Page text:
A 2008 UNAIDS report indicates that Sub Saharan Africa (SSA) accounts for only 10% of the world's population but 68% of adults and children living with HIV/AIDS with South Africa (5.7 million HIV/AIDS cases) and Tanzania (940,000 HIV/AIDS cases) accounting for more-than 6.5 million cases. In South Africa, young women account for 90% of new HIV cases and black South Africans are 9 times more likely than other racial/ethnic groups to contract HIV. Recent studies in Pretoria, South Africa have found HIV seropositive rates above 50% among young black women who use drugs and trade sex. In Dar es Salaam, Tanzania, recent studies suggest that the estimated prevalence of 12,000 injection drug users is rapidly increasing and that HIV rates in this group exceed 40% largely due to needle sharing. The proposed study is designed to address both the huge scale of the HIV pandemic in SSA countries by testing a brief intervention model that can feasibly reach huge numbers of drug users at elevated HIV risk while simultaneously testing a more intensive, couples' intervention that may be needed to foster behavior change among high risk groups disproportionately affected by HIV, including young women who use drugs and trade sex. The proposed study coordinates Randomized Controlled Trial (RCT) and Research Capacity Building (RCB) components to address priority areas of NIDA RFA-DA-10-008. The RCT study component will evaluate the efficacy of a brief motivational interview (BMI) and a cognitive-behavioral couples' (IFCBT) intervention alone and in combination against a comparison condition to reduce new cases of HIV and sexually transmitted infections and increase condom use and decrease sexual risk behavior, drug use, and intimate partner violence among young black female drug users in Pretoria, South Africa and their primary intimate partners. In the RCT, 384 couples comprised of young black female drug users who do (N = 192) and do not (N = 192) trade sex and their primary intimate heterosexual partners will be randomly assigned to one-of-four conditions: (1) testing and counseling; (2) brief motivational interview (BMI); (3) cognitive-behavioral couples' intervention (IFCBT); or (4) BMI and IFCBT combined. Eligibility criteria for couples include an HIV-negative drug using black female aged 18 to 29 and their primary intimate partner or spouse who is also HIV negative. Each partner of each couple will be administered assessments with blood tested for HIV and urine tested for Chlamydia, gonorrhea, trichomoniasis, and drug use at baseline and 3-month, 6-month, and 12-month follow-up. The RCB component will bring together researchers from South Africa, Tanzania, and the US to enhance opportunities for research collaboration, including oversight of the RCT study in Pretoria, and to plan and implement a pilot-test of the BMI and IFCBT interventions in Dar es Salaam, Tanzania.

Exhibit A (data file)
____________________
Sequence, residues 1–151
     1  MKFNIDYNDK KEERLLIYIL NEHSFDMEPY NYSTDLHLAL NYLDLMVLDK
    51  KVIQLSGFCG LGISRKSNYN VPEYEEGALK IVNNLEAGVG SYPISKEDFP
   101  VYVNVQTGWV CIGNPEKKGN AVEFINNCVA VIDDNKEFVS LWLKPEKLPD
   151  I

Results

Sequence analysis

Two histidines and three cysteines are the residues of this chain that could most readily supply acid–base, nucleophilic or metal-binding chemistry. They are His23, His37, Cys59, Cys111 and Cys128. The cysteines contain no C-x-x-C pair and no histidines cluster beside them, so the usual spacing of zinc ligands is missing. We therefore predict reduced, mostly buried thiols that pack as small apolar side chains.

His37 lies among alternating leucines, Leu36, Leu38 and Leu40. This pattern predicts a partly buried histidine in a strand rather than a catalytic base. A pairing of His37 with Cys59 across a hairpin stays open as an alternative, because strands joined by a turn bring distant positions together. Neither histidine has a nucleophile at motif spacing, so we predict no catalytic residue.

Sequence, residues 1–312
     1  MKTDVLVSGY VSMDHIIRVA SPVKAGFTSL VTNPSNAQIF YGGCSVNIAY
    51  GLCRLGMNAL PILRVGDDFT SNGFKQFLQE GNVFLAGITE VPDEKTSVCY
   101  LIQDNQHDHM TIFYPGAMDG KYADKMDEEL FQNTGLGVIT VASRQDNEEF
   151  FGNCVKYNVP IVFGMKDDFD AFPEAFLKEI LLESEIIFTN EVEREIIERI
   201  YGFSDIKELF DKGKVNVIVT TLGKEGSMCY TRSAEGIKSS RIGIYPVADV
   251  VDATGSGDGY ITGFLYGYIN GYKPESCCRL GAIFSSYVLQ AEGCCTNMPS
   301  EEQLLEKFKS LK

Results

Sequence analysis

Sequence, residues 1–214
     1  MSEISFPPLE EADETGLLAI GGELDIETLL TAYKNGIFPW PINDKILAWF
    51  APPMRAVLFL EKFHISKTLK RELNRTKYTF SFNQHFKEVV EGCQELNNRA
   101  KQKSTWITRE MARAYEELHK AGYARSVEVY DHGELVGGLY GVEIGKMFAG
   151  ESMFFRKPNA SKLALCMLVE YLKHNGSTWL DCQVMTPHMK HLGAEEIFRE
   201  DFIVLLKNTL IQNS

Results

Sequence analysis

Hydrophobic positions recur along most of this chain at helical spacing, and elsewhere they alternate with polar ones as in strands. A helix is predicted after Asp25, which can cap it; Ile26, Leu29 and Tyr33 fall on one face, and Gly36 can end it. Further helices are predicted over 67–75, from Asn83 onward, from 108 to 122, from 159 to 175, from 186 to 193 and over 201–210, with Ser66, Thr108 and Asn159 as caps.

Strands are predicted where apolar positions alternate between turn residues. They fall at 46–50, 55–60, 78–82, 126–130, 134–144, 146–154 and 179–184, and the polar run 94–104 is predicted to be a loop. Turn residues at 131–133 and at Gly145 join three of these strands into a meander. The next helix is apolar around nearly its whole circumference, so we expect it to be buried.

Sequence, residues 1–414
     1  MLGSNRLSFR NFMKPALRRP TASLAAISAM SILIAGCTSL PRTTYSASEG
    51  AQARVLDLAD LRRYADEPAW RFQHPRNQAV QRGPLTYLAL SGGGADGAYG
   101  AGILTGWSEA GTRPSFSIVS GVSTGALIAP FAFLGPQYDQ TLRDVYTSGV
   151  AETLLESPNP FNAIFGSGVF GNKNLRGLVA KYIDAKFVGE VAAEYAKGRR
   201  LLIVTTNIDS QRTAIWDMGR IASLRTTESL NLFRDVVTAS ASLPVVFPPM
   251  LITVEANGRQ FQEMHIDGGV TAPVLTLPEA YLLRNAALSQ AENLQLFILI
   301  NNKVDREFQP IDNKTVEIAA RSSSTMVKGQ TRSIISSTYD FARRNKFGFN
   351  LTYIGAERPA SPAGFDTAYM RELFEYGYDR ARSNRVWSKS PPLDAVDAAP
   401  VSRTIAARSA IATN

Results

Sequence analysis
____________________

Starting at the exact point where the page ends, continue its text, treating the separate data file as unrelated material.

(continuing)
Sub Saharan Africa accounts for only 10% of the world's population but 68% of adults and children living with HIV/AIDS with South Africa (5.7 million HIV/AIDS cases) and Tanzania (940,000 HIV/AIDS cases) accounting for more-than 6.5 million HIV cases. In South Africa, young women account for 90% of new HIV cases; black South Africans are nine times more likely to contract HIV than other racial/ethnic groups; and young black women who use drugs and trade sex exhibit HIV infection rates that exceed 50%. To reduce the spread of HIV in South Africa and Tanzania, the proposed study will test the efficacy of a brief motivational interview and a cognitive-behavioral couples' intervention in an effort to address both the enormous scope of the HIV pandemic in Sub Saharan Africa via the brief intervention while also testing a couples' intervention designed to target a wider range of risk factors that characterize subgroups at exceptionally high HIV risk, including young women who use drugs and trade sex.
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